At the end of the 92nd Academy Awards last night, over three hours into the ceremony, Jane Fonda spoke the immortal words “and the Oscar goes to”. She opened the envelope, looked up, paused, and then spoke the word that unleashed a cheer incomparable to other Best Picture winners. It was a yelp of delight that sounded more like a sporting celebration than a reaction to an award win. The word that sparked this was “Parasite”, the name of the film that everyone in that audience (and everyone at home) truly wanted to win.
That’s simply because it was the best film of last year. It seems simple enough, but too often that isn’t enough to be rewarded by the Academy. The years have taught us that the typical crowd pleaser is more likely to win over some of the best movies of any given decade. This time yesterday, it was looking like that would happen again. The good, but not fantastic 1917 was looking to be the big winner, something that looked and felt similar to many others that have come before, and inevitably others that will come in the future. We had reason to think that the current state of the Academy, despite constant reassurance that they’re diversifying their membership, was unlikely to deviate from their tendency to award the safe movies. Green Book infamously won last year, despite being a very racially backward film, and the lack of nominees of colour and female directors meant that their was no indication of a new direction this year.
But the big winner of the night paved the way for a more hopeful outlook.
The seeds were sewn early on in the night. One of the earliest awards was Best Original Screenplay, where Parasite picked up its first win. From this point, a glimmer of hope emerged. Bong Joon-ho had beaten Golden Globe and Critics Choice winner Quentin Tarantino, becoming the first foreign language writer to win a Screenplay Oscar since Pedro Almodovar and Talk to Her. Green Book won that award last year, and was the moment it proved popular with the Academy. The same can be said for Parasite. The fact that a Korean screenplay was embraced so heavily signalled indications for a strong night ahead.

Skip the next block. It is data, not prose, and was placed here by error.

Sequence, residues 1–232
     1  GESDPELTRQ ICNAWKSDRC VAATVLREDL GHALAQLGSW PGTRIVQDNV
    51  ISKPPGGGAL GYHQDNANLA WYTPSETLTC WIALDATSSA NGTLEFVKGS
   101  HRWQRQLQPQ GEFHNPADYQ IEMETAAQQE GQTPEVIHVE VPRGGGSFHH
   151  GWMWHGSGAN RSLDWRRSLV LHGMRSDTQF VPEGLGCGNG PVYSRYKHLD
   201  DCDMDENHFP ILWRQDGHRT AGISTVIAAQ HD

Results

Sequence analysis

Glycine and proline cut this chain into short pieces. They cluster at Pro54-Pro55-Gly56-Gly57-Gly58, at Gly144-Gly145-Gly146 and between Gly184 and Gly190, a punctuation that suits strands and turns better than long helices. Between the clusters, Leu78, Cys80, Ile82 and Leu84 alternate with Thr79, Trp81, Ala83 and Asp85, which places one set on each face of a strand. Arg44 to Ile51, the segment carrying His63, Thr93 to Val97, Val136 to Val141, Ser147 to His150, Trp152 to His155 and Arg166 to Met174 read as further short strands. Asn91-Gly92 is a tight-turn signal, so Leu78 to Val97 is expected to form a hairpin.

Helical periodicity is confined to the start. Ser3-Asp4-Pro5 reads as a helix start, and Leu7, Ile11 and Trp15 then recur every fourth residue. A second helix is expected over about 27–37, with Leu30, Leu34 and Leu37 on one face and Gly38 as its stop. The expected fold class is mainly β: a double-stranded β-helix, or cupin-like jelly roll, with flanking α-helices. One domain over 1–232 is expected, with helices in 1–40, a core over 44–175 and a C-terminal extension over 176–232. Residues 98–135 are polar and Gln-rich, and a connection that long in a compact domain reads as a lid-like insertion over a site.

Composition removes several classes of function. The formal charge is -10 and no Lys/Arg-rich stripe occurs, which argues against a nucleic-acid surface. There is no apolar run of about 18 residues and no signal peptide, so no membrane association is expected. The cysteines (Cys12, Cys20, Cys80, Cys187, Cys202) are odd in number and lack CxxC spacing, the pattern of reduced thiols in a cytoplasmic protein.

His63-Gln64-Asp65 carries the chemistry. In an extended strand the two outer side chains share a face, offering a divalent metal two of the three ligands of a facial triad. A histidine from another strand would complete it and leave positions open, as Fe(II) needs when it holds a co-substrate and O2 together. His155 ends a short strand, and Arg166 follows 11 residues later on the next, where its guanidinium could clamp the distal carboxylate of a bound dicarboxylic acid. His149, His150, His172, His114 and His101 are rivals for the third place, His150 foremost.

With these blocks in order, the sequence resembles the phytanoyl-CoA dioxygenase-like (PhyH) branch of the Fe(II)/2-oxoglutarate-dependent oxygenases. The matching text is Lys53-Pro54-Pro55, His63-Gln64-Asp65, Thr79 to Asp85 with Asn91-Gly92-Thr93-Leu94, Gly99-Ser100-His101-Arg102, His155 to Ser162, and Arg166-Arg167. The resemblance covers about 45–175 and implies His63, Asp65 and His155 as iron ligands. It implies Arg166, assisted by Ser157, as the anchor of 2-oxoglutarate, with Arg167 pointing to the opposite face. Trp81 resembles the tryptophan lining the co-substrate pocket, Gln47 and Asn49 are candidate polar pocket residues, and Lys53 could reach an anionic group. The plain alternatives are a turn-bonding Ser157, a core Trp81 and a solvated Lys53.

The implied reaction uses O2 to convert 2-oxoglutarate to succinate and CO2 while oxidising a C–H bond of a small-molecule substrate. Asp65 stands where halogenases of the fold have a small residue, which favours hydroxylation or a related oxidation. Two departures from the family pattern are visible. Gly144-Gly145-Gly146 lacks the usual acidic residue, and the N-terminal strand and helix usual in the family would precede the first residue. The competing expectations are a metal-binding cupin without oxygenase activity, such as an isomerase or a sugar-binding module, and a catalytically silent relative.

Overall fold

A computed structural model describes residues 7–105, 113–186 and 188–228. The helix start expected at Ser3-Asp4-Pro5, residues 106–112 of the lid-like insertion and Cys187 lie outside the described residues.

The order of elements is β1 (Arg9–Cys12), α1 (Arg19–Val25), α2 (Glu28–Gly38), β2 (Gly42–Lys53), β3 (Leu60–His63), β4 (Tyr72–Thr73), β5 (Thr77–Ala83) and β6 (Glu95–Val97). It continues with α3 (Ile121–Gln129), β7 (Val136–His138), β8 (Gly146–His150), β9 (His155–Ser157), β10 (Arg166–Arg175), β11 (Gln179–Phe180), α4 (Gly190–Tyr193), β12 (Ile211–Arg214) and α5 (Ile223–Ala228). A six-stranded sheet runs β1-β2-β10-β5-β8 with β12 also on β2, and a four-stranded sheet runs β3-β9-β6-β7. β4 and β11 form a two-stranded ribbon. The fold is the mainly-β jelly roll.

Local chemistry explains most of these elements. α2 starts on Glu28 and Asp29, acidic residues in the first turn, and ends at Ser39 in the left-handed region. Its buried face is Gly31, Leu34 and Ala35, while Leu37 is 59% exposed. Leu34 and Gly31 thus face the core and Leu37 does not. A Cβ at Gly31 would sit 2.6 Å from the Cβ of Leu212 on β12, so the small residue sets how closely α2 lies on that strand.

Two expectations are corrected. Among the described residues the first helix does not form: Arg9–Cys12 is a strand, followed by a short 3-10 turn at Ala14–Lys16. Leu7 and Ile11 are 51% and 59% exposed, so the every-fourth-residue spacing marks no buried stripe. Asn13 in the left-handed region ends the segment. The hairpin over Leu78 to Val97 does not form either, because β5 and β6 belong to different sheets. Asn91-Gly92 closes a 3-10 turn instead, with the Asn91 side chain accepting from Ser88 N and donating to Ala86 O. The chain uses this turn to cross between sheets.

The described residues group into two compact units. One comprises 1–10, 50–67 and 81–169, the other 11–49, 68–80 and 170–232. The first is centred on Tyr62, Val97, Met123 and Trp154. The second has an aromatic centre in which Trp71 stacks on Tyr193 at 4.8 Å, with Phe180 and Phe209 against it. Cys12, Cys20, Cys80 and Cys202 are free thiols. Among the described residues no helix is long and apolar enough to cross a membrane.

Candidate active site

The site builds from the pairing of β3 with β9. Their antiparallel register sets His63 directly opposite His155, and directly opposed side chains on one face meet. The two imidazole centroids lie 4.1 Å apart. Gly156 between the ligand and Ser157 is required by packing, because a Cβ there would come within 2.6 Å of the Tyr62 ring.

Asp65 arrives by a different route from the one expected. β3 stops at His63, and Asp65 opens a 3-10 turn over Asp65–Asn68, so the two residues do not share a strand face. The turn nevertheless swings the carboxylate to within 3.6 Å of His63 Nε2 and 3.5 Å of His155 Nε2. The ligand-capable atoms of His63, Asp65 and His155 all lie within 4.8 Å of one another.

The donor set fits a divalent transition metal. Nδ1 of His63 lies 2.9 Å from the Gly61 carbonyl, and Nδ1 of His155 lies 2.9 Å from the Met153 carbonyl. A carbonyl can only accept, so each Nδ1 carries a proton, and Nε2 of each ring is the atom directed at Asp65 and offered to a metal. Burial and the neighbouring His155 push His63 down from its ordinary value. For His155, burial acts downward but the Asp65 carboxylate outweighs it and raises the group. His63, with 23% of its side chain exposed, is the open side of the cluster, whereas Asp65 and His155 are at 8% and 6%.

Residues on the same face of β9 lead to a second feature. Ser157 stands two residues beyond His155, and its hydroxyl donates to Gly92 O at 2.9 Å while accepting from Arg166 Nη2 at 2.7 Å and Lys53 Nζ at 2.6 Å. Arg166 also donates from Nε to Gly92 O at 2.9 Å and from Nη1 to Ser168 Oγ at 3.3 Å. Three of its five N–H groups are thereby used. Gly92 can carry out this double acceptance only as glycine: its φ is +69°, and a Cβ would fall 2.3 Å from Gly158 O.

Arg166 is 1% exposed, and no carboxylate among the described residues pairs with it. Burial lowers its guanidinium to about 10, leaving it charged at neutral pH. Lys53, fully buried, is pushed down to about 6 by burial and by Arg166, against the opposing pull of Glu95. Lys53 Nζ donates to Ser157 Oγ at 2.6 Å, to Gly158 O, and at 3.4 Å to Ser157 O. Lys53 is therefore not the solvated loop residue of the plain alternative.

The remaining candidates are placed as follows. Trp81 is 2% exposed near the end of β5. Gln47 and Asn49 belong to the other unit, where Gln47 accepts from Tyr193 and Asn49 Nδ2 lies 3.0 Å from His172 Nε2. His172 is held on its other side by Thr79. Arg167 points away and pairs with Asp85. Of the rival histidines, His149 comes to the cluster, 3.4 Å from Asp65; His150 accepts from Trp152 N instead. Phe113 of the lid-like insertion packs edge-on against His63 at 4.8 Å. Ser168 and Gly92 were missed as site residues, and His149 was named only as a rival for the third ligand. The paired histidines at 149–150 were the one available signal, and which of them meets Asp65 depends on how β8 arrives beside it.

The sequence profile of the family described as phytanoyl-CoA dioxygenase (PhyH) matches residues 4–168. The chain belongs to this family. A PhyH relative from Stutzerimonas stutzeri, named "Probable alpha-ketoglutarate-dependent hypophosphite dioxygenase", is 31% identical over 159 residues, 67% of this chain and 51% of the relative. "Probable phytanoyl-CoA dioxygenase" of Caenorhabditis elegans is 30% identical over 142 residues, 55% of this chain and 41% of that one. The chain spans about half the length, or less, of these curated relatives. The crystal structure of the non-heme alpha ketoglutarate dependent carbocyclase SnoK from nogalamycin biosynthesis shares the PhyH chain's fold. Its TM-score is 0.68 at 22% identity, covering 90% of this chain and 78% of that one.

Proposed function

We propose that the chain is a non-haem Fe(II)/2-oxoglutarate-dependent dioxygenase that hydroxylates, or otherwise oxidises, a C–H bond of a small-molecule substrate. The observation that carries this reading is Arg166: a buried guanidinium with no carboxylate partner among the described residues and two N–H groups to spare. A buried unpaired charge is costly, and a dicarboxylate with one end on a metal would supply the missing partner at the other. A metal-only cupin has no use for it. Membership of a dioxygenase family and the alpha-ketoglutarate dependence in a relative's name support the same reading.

Its second win for International feature was the opposite of surprise. It was arguably the biggest lock of the night, being the only film in the category also up for Best Picture. Like with Roma last year, this was the safe win that could then be used as compensation for the lack of Best Picture.
This could have easily been a repeat, but then Best Director happened. The moment that Bong Joon-ho’s name was read out by Spike Lee, it became Parasite’s night. Sam Mendes had been the overwhelming favourite to win. He had taken the Golden Globe, DGA and BAFTA, and was a sure fire win for the technical feat that was 1917. Bong winning Director was proof that the Academy were going all in on Parasite, and its success was due to passionate support rather than it being the least hated.
Looking back, the Best Picture win was all but confirmed after Bong took to the stage, but there was still a shade of doubt. Preferential ballot means a whole new set of rules, and 1917, Once Upon a Time in Hollywood and Jojo Rabbit all had an outside chance of taking it home. But the moment Parasite’s name was read, it made sense and brought its triumphant night to a climax. It’s rare that a film is so successful at the Oscars these days, winning two thirds of its nominations. This was the year of Parasite, one of the best Best Picture winners in recent memory. Knowing the Academy, they’ll make up for it next year with probably an equally big disappointment.